Last month, the Journal of Foodservice Business Research published a study indicating that restaurant managerial staffers have a lot to learn when it comes to food allergies--even those who have gone through training.

Researchers at Auburn University surveyed 110 U.S. restaurant managerial employees--owners, managers and chefs--from both independent and chain establishments. The overall goal was to find out how aware and prepared these staff members are in terms of serving customers with food allergies.

While the study showed that 80 percent of participants indicated they had received training about food allergies--and 70 percent had provided training to their staff members within the past year--there’s still a lot of room for improvement. Results revealed the following:

  • About 22 percent said that food allergy reactions had occurred in their restaurant within the past year.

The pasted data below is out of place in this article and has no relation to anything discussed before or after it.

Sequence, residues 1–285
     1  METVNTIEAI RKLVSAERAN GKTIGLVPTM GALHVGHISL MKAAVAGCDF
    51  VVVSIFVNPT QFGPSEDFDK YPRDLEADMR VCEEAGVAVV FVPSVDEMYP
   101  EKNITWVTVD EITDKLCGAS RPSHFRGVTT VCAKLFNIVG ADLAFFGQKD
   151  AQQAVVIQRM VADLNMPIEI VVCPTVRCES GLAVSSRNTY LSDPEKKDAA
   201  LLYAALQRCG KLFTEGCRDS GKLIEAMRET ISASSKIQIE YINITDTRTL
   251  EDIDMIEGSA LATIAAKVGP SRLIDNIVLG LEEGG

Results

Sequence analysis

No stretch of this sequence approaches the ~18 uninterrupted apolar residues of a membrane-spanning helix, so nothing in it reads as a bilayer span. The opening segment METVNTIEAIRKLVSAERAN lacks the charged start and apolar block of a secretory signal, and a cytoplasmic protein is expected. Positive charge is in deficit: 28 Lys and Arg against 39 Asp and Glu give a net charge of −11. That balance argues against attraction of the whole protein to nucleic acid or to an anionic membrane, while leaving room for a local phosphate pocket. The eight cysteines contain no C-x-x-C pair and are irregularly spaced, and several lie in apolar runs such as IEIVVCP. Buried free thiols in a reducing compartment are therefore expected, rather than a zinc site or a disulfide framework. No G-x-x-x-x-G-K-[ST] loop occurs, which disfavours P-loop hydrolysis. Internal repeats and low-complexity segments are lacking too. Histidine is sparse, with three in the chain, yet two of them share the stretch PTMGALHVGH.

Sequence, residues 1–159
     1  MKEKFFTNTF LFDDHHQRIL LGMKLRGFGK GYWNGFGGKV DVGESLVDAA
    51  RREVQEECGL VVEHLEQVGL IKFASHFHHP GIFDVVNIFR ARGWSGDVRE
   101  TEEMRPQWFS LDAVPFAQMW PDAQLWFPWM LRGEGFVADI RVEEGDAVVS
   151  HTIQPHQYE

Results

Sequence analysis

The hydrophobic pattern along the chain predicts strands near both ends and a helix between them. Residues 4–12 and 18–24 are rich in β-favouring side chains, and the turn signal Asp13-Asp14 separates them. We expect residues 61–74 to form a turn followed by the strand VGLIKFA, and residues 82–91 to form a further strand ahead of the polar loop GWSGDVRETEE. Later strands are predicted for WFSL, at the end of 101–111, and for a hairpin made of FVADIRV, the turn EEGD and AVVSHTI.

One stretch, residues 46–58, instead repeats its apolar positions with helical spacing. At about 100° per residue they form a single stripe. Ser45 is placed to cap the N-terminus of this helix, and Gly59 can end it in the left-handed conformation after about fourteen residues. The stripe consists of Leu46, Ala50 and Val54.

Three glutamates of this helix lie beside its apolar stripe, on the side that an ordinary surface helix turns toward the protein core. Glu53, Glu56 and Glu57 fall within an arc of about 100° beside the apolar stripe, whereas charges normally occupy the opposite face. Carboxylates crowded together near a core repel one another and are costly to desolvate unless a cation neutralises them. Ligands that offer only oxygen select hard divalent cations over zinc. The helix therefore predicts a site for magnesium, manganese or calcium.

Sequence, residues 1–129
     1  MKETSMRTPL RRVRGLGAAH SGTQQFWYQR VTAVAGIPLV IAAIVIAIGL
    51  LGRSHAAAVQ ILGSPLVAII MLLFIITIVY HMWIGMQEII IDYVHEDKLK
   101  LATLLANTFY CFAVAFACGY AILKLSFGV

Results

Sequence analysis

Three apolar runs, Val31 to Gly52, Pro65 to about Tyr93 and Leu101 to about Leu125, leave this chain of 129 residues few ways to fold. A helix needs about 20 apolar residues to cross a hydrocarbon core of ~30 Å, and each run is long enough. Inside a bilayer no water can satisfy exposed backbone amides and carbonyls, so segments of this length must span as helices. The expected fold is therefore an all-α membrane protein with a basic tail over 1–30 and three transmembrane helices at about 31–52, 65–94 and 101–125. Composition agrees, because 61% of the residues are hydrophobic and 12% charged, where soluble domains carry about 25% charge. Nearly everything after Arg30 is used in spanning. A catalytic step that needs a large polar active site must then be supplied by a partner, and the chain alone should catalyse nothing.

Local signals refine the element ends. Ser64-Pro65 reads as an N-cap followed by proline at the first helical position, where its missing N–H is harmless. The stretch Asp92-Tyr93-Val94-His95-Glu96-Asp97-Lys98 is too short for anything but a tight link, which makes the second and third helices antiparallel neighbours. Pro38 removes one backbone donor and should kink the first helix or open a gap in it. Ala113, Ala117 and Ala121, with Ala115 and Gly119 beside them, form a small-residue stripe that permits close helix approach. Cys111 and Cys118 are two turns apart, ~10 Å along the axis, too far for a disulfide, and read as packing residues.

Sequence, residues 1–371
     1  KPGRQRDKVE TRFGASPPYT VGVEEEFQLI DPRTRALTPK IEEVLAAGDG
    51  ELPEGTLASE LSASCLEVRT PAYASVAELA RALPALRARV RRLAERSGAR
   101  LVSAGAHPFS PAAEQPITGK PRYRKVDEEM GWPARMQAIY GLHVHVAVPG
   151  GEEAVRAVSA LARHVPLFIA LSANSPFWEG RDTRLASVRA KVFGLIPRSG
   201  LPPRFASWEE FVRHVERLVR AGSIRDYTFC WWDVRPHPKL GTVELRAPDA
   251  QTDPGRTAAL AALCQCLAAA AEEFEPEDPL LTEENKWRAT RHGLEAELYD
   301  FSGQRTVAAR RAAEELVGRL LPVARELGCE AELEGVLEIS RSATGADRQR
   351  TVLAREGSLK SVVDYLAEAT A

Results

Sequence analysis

• Survey participants said there are three ways they accommodate customers with food allergies: modify recipes upon request, display food allergens on menu, and post food allergen details on their website.
  • More than 40 percent of the restaurant staffers were not able to identify soy and fish among the most common food allergens.
  • 50 percent were not able to identify arachis oil as peanut oil.
  • About 40 percent believed that simply removing a food allergen from a plated meal could prevent the onset of an allergic reaction. They also believed that food allergies could be cured by modern medicine.
  • More than 50 percent believed that a food allergy and a food intolerance were the same thing.
  • Chefs knew more about food allergies than owners and managers.

Authors of the Journal of Foodservice Business Research article indicated that “restaurateurs are evidently underestimating the severity of food allergies,”

Not only that, survey participants acknowledged running into a few barriers that hinder food allergen training for restaurant employees--lack of commitment, lack of interest in attending such training, conflicting schedules and employee turnover.

Sign up for Food Safety Magazine’s bi-weekly emails!